Most people are pretty familiar with psychology and the traditional approach to therapy to talk through issues to find greater understanding and find resolutions. But other therapies such as sensorimotor therapies (that use your range of senses) are less understood. One of these is art therapy.
The technique can be used by therapists to assist clients to overcome trauma, but it is also beneficial as a means to personal development. We all have things that are holding us back and preventing us from reaching our full potential, but sometimes it is difficult to articulate.
Sensorimotor Art Therapy can assist you to find a way to access understanding of self through the body, rather than through traditional talking-based therapies.
Sensorimotor Art Therapy: What is it?
Part of the clue for this one is in the term Sensorimotor, which means using both the sensory (i.e. sight, touch, etc) and motor functions, so movement.
Sensorimotor Art Therapy uses symbols through mediums like drawing, painting or clay to allow a person ways to express and give a voice to difficult emotions they are experiencing, that may be difficult to verbalise. The therapy can help a spectrum of people, from those suffering with issues such as grief or those overcoming past trauma, to individuals who are simply feeling a little stuck.
“Laying out our internal experiences through the creative process gives a person more space to feel freed up inside as opposed to feeling overwhelmed and flooded with what is activating and difficult,” says Gabe Clark, Counsellor and Sensorimotor Therapist. “It is not about making pretty pictures or sculptures and no special art skills are needed.”This kind of art therapy is about the process of engaging with the physical materials and the connection of the body’s expression of subconscious inner struggles, rather than the end result of an artwork.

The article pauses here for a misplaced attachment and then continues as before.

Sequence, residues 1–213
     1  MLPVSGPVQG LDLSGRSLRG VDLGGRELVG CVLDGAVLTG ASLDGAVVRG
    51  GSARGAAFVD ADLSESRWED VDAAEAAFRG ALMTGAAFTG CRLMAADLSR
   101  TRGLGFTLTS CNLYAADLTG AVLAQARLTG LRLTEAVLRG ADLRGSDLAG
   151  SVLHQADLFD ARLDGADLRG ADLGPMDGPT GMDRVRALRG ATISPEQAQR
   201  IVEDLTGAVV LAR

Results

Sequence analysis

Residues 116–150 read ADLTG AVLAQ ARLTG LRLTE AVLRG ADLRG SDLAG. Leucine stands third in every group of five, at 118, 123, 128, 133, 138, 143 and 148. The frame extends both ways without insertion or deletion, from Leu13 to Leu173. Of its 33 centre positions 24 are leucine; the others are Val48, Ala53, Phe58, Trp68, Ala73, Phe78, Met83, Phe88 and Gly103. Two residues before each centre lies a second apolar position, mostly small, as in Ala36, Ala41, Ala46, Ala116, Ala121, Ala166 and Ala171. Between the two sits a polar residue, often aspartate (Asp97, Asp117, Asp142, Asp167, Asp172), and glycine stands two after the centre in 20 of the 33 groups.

How can you benefit?
Experiencing art therapy is not as simple as picking up a paintbrush or playing around with clay. Qualified Art Therapists are trained to guide participants either in group or private sessions to help them get to the root of issues they may be trying to express or work through.
Gabe explains: “Sensorimotor Art Therapy is an approach which accesses the deeper levels of implicit memory where the effects of traumatic life events are often held, and this should be done with the guidance of a qualified art therapist.”
But while we do not recommend self-therapy as a replacement for a qualified therapist, it is possible to experience some of the benefits of art therapy yourself at home. Research indicates that engaging with art and artistic endeavours can relieve stress, boost your self-esteem and increase your creative thinking and problem-solving skills.
Gabe Clark is a facilitator of our Art Therapy workshops on our retreats and runs her own private practice Gabe Clark Sensorimotor Therapies in person in Mansfield, Victoria and also offers online counselling services.
Please note: This article is for information purposes only and not intended to provide advice on mental health treatments. We recommend consulting with a healthcare professional on the avenues most suited to you and your needs.